for storage.
                    - eSATA external disks for backup

                    My other constraint is that I work from home and live off the
                    electrical grid. So these flash and RAM disks make great sense for
                    me, as thinking of a computer with a 500W power supply give me the
                    shudders...


                    -Matt




                    --- In PanoToolsNG@yahoogroups.com, "panotools@..." <panotools@...>
                    wrote:
                    >
                    > Hi Matt,
                    > >
                    > >
                    > > What I'm fairly certain of is that in the 5 hours it takes my
                    dual core
                    > > 2GHz machine (2:30 minutes on Milko's speedtest) to stitch a 16bit
                    > > 11,000x5500 image, my CPU reads 5-10% most of the time and my
                    disks are
                    > > not being accessed much of this time (and could write 1GB a few
                    hundred
                    > > times in that time anyway, if that were truly the bottleneck).
                    > >
                    > 5 hours seems a bit excessive. Although, you work on a laptop which
                    have
                    > low speed hdd usually.
                    > On your speedtest results you mention an external 500gig drive
                    connected
                    > with USB2.
                    > Are you hosting the panorama project files and sources on that
                    drive?
                    > And where are you sending your temp files to?
                    >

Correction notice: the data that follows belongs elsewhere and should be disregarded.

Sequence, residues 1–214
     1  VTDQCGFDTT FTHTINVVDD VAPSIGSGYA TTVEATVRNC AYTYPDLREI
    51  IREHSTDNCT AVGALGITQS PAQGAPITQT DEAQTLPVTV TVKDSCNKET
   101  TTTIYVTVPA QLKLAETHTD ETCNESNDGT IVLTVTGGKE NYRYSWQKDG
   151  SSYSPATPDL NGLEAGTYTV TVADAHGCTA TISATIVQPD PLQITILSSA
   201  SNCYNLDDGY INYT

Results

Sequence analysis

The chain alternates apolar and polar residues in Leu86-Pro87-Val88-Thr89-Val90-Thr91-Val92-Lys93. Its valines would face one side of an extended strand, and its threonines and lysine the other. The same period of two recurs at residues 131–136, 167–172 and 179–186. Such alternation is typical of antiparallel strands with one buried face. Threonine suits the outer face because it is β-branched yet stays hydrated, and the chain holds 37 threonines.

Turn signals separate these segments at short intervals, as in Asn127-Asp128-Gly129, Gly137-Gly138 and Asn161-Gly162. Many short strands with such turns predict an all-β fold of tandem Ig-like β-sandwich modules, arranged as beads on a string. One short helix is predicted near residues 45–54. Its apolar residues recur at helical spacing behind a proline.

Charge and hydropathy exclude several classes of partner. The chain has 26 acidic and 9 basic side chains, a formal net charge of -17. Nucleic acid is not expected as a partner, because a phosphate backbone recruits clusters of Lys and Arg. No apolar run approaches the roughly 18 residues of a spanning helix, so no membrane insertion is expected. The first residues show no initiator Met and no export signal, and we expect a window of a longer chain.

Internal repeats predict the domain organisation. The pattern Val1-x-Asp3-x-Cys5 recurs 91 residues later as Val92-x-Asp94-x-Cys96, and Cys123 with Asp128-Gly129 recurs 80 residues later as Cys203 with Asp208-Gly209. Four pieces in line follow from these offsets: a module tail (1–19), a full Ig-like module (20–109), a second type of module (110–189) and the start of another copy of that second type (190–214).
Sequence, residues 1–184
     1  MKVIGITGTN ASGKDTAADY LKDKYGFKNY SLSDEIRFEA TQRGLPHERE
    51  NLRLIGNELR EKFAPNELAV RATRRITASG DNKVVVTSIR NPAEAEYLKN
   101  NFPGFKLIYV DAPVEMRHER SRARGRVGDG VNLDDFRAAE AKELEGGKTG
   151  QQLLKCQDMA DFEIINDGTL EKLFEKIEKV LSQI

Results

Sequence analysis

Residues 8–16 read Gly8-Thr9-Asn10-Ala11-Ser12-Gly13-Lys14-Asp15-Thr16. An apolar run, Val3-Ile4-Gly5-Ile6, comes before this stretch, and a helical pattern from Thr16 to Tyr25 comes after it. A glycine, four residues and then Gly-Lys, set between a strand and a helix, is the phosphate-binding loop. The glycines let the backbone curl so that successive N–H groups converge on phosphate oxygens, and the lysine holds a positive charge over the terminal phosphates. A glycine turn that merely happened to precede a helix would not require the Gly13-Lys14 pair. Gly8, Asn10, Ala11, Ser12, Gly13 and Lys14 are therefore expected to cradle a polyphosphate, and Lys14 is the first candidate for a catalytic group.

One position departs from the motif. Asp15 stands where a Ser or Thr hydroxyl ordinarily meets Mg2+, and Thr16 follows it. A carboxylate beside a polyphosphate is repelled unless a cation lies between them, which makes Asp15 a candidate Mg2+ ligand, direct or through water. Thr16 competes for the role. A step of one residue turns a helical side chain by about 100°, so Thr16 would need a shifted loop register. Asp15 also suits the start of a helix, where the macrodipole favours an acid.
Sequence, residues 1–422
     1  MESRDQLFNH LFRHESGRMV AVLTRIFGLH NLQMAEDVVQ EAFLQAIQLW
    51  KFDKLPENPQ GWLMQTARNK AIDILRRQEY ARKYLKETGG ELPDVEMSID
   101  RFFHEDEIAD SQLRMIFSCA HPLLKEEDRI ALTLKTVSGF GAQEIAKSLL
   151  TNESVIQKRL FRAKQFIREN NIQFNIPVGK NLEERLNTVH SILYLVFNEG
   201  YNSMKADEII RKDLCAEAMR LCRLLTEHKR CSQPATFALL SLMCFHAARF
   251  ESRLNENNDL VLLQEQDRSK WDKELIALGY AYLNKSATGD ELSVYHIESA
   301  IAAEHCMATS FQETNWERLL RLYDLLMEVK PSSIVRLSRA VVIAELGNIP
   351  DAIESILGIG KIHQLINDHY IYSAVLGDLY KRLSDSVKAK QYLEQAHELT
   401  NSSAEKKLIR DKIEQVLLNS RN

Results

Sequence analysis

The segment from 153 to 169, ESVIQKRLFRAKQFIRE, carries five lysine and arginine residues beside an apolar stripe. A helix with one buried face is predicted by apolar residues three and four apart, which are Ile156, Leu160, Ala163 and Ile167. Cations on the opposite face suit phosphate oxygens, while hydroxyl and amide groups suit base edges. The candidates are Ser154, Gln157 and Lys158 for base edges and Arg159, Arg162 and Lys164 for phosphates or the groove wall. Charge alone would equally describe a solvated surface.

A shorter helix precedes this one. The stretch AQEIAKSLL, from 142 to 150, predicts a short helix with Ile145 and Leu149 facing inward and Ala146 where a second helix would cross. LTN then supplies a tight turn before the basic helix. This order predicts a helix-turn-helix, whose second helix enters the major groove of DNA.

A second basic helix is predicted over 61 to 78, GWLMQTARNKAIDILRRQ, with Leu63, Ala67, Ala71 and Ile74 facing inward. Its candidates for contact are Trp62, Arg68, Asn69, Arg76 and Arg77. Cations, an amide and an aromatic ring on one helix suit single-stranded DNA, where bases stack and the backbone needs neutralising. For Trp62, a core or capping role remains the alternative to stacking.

> Cheers, Milko
                    >
                  • matt_nolan_uaf
                    I created a RAM disk using http://www.ramdisk.tk/, changed my scratch disk and write disk to the ram disk, and ran Milko s speed test and got exactly the same
                    Message 9 of 19 , Dec 2, 2007
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                      I created a RAM disk using http://www.ramdisk.tk/, changed my scratch
                      disk and write disk to the ram disk, and ran Milko's speed test and got
                      exactly the same results -- 2 minutes 30 seconds. Wierd. How could it
                      not be incredibly faster? My dual CPUs ran at 50%, with one near 100%
                      and the other near idle; I checked the affinity for PTgui was set to
                      both.

                      -Matt


                      --- In PanoToolsNG@yahoogroups.com, Bruno Postle <bruno@...> wrote:
                      >
                      > On Sat 01-Dec-2007 at 22:28 -0000, matt_nolan_uaf wrote:
                      > > To create a hi-res spherical, PTgui says 7 tiffs at 70MB each
                      > > requires about 1GB of scratch disk -- if I have 4 GB of RAM, why
                      > > does it need a disk at all except to save the final image?
                      > > Wouldn't doing everything in RAM dramatically speed things up,
                      > > especially since disk I/O seems to be the bottleneck?
                      >
                      > Good point, try setting up a 2GiB RAM disk for the scratch data and
                      > see if that makes an improvement.
                      >
                      > --
                      > Bruno
                      >
                    • Joost Nieuwenhuijse
                      This is because PTGui was already using RAM.. PTGui stores temporary data in temp files, but due to the OS s file system caching, the files never really get
                      Message 10 of 19 , Dec 2, 2007
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                        This is because PTGui was already using RAM..

                        PTGui stores temporary data in temp files, but due to the OS's file